State the basic principles governing an audit in respect to the following:- [MJ04]Marks 6 (ii) Auditor evidence; [MJ04] In respect of audit evidence the basic principles governing an audit stated that the auditors should obtain sufficient appropriate audit evidence through the performance of compliance and substantive procedures to enable him to draw reasonable conclusions there from on which to base his opinion on the financial information. Compliance procedures are tests designed to obtain reasonable assurance that those internal controls on which audit reliance is to be placed are in effect. CHAPTER 12
Letter of Representation; [ND05] Management Letter; [ND05] When management representation is required? [MJ10] What do auditors do when receive such representation and in occasions when such evidence do not agree with other evidence? [MJ10] Name six financial statement assertions.[MJ10] Management representations are normally obtained by the auditor in the form of a letter. What are the other ways of its documentation? [ND07] What may be probable points in the management letter on the audit of an industrial unit relating to verification of Stock of Raw Materials, Work in Progress and Finished Goods? [ND03] Marks 6 As an auditor of Sincere Limited you revealed that the cashier of the company frequently allows its officers and employees to receive cash against IOU slips and personal cheques.

You have decided to include the point in your management letter. Draft the report under the headings: a. Observation, b. Impact and c. Recommendation. [ND02] 4 State briefly, the significance of the following regarding an audit: [MJ02] (ii) Letter of Representation

What do you mean by Letter of Weakness? Why such a letter is issued? [MJ05]Marks 4 What is management?

CHAPTER 13

Name six financial statement assertions. [MJ10] Confirmation from customers Types of confirmations What could be the possible reasons for disagreement of Account receivable balances between the client and customer? [MJ10] Balance confirmation from individual customers is the ideal substantive procedure, what are the alternative procedures to verify existence/right of Account receivable? [MJ10] Complete the table, showing which test on tangible assets are designed to provide evidence about financial statement assertion. [MJ10] Completeness Existence Valuation Rights and Obligations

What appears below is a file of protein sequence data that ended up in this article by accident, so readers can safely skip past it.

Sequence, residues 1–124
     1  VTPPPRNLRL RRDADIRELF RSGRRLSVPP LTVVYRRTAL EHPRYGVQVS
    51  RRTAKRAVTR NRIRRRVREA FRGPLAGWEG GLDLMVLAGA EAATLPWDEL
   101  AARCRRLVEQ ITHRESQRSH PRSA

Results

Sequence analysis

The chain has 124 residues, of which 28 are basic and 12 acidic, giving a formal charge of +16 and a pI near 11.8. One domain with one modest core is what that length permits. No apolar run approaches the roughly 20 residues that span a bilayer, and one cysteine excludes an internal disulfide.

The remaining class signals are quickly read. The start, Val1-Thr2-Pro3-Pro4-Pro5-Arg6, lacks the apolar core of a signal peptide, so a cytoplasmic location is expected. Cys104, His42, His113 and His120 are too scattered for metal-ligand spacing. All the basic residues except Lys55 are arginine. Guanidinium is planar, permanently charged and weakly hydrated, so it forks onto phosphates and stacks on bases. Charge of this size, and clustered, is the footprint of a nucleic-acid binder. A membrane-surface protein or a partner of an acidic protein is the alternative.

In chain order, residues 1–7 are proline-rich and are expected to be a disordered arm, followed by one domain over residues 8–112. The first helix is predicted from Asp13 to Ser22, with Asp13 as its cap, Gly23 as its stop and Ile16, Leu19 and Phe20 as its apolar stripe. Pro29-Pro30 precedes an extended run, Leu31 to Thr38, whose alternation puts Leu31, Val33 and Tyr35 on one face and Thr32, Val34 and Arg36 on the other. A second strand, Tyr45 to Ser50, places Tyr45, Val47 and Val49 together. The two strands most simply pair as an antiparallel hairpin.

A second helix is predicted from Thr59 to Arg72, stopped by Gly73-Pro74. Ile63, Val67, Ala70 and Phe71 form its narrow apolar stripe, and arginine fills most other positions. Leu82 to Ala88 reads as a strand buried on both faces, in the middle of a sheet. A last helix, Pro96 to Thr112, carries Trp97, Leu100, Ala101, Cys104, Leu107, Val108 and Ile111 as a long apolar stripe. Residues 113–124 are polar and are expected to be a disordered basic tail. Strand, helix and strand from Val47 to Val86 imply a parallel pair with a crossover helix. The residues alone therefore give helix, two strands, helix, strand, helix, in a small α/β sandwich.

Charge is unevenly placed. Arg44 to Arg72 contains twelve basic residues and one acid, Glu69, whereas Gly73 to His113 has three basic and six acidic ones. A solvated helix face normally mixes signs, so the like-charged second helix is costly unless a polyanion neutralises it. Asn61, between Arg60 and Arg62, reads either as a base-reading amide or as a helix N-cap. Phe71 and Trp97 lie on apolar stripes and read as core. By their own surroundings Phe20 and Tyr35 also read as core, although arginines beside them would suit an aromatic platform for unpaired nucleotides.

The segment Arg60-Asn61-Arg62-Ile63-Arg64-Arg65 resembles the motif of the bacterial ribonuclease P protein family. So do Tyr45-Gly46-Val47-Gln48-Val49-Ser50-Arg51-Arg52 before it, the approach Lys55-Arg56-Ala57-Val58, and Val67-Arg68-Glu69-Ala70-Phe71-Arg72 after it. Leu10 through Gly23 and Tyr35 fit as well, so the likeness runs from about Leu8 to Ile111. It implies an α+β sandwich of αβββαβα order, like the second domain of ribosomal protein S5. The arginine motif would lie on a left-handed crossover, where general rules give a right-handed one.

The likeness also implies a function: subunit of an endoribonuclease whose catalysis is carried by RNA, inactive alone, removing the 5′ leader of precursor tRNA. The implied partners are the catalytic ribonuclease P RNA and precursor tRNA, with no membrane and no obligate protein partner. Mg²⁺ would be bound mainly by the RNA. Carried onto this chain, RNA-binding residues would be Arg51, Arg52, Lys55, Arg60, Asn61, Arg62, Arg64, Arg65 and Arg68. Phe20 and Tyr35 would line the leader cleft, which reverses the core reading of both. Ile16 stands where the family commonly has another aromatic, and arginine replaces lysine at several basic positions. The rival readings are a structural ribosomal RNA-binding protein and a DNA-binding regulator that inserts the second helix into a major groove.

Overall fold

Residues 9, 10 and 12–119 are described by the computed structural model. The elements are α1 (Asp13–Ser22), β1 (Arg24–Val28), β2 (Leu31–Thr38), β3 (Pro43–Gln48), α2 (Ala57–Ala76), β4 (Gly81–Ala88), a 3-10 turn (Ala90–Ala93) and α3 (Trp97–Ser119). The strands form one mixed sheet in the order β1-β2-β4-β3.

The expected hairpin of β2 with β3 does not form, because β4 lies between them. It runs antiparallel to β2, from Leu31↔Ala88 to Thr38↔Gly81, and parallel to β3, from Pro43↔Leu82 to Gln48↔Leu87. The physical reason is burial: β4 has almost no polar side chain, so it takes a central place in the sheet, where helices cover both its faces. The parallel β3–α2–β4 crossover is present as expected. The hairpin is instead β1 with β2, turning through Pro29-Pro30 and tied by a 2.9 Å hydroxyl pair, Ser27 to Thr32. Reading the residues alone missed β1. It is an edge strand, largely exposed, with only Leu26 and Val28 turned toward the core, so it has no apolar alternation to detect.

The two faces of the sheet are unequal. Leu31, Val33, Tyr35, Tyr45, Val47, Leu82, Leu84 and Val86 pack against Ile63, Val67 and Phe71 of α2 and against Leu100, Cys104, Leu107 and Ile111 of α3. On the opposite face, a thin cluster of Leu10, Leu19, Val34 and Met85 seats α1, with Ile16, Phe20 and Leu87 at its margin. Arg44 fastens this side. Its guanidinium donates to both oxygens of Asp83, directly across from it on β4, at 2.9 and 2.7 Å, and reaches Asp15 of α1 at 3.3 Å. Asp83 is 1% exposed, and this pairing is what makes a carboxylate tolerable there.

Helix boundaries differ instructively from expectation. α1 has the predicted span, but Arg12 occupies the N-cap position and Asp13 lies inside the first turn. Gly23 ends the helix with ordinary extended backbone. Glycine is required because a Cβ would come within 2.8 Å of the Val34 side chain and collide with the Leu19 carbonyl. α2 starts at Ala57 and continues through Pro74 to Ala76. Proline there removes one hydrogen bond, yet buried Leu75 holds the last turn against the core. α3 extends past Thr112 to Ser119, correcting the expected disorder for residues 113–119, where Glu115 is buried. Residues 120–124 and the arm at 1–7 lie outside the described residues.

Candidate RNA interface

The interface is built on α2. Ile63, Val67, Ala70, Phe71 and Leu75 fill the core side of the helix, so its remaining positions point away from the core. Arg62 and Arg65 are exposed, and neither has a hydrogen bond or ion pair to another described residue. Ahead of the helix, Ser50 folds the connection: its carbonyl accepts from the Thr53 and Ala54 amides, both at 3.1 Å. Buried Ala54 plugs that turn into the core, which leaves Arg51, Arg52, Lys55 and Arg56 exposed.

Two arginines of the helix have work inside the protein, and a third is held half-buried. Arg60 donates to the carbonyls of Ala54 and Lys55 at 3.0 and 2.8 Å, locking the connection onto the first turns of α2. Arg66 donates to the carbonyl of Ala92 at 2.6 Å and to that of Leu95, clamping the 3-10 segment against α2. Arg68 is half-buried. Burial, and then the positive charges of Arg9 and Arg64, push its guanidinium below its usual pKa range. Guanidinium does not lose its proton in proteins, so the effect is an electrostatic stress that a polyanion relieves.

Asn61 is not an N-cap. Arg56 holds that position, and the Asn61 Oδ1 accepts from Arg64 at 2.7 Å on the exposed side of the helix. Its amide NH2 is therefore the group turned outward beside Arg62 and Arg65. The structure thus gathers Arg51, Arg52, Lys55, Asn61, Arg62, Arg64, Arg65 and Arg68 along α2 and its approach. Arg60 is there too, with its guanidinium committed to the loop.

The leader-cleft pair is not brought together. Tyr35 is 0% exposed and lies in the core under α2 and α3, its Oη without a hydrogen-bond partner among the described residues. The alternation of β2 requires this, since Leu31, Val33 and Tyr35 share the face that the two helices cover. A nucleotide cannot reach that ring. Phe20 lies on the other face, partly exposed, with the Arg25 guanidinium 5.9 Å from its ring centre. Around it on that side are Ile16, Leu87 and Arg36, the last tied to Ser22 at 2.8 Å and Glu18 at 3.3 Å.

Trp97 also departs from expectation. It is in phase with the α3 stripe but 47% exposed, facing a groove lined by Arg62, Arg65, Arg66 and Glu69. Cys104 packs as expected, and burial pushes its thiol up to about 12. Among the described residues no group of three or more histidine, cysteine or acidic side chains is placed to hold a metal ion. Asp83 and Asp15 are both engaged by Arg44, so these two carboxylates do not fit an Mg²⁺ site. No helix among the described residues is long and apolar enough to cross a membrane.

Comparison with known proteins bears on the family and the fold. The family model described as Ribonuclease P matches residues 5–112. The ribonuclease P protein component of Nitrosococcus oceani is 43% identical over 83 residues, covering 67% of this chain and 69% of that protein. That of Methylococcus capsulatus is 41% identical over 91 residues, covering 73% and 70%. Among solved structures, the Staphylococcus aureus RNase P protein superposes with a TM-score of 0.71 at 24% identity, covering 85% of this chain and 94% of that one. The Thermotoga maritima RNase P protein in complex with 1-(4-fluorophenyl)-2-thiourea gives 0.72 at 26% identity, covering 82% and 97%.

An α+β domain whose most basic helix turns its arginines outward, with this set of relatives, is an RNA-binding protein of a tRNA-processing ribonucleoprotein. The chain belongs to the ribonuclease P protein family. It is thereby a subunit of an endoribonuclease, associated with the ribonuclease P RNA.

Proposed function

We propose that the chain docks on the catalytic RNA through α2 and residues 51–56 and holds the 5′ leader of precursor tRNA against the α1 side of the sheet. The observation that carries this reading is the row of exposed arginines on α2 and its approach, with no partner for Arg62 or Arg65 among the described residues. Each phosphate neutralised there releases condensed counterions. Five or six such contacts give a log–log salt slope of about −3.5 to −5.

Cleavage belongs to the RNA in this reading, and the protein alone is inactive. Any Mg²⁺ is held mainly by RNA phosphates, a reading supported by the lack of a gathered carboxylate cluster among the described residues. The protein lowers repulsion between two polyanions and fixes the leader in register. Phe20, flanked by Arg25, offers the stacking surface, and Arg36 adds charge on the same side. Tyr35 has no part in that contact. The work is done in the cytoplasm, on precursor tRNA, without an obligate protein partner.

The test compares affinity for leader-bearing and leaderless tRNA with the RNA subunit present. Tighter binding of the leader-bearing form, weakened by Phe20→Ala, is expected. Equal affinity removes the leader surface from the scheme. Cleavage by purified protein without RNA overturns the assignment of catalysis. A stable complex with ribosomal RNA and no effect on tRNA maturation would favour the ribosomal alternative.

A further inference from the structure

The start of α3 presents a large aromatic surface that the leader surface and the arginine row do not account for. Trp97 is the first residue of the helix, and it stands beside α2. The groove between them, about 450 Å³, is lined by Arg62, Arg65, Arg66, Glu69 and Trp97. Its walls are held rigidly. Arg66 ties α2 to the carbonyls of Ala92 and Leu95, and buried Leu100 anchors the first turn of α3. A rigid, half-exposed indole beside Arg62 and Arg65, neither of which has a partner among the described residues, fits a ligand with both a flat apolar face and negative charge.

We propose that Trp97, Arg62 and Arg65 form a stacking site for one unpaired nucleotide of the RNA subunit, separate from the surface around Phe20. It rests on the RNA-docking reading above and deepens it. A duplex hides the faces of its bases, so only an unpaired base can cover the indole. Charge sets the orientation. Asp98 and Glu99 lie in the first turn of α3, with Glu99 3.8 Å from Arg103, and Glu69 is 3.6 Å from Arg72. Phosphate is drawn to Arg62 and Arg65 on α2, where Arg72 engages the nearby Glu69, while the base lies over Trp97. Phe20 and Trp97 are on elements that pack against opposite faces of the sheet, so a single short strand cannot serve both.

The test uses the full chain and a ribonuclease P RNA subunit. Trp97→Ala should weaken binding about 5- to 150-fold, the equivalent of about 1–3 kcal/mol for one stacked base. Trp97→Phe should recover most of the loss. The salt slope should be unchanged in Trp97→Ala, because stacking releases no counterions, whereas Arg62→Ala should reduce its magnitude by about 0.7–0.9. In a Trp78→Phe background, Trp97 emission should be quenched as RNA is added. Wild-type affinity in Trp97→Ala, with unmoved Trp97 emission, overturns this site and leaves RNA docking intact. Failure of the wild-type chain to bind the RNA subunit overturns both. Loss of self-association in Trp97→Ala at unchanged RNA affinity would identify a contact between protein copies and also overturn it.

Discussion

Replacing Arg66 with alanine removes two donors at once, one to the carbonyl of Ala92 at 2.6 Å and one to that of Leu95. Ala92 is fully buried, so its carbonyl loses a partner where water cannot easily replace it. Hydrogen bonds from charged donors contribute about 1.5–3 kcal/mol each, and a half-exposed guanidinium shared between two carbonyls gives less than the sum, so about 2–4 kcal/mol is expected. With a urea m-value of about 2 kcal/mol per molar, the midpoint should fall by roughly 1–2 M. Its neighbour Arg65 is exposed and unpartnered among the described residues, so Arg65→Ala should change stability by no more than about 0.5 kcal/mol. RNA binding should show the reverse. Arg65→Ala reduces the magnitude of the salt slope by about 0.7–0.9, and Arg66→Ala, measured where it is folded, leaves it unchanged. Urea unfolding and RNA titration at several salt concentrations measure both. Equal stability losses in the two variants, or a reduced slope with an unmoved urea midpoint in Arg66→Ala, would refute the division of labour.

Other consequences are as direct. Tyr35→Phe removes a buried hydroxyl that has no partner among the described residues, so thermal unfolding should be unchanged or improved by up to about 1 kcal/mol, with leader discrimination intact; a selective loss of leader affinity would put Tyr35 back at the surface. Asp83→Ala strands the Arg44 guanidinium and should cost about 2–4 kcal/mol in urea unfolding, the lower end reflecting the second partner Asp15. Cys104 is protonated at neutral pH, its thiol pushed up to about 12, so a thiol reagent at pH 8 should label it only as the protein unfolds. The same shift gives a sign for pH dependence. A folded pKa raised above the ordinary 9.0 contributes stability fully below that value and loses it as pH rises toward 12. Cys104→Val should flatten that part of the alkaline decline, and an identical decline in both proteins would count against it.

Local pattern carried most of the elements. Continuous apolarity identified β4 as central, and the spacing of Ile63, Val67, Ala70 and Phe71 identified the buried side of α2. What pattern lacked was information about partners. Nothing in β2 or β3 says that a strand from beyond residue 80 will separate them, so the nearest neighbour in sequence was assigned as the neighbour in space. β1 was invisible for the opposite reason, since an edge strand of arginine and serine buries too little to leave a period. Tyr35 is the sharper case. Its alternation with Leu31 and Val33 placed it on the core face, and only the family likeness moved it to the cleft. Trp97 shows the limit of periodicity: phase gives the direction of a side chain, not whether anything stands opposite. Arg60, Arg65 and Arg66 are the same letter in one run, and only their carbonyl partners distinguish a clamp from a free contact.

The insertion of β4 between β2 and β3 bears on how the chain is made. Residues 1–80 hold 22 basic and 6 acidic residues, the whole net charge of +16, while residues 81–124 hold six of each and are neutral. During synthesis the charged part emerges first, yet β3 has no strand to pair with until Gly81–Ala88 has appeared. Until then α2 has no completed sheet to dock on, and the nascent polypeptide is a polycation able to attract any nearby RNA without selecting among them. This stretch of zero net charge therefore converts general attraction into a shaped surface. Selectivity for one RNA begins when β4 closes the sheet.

(a) Inspect assets, (b) Verify the valuation certificate, (c) Refer to the title deeds, (d) Compare assets in the ledger to non-current asset (e) review depreciation rate (f) Verify self constructed assets to invoices, (g) Examine invoices after the year end, (h) Review repairs in nominal ledger.
Explain the "significance" of "compliance procedures" and 'substantive procedures" for audit of financial information of a listed company in Bangladesh. [MJ01]Marks 6 As an auditor, what type of controls would you expect in relation to:- [MJ05]Marks 6 (i) Bank Reconciliation; [MJ05] (ii) Trade Debtors; [MJ05] (iii) Cash Disbursement. [MJ05] Suppose you have been assigned to conduct the audit of accounts of Sun Moon Ltd. for the year ended 31 December, 2001 by your principal. Describe the procedures you will apply to audit the following items: [MJ02] (i) Tangible fixed assets;

(ii) Investment (iii) Accrued expenses.

3. As the Audit Senior of Read, Think plan and Write, Chartered Accountants, you have been asked by its Senior Partner, Mr. Read, to briefly explain the objective of the following audit Procedures:- [ND01]35=15 (a) (b) (c) (d) (e) Bank Reconciliation; Opening of Mail; Circularization of Debtors; Attendance at Stock Taking Cash Counting at year end.

For the following items identify and discuss the factors you will take into consideration in assessing the audit risk while planning the audit of accounts of a manufacturing enterprise, and the situations when there will be a high level of audit risk: [MJ02] (j) (ii) (iii) (iv) Inventories; Trade receivables; Contingent liabilities; Contingent assets.

Discuss the general principles in connection with the verification of fixed assets. [MJ08, MJ06] What do you understand by Cut-off Procedure in respect of verification of Stocks? [MJ08] State the verification procedures of;- [MJ05] Marks 5 (i) Stock in transit[MJ05] (ii) Freehold land and Building. [MJ05]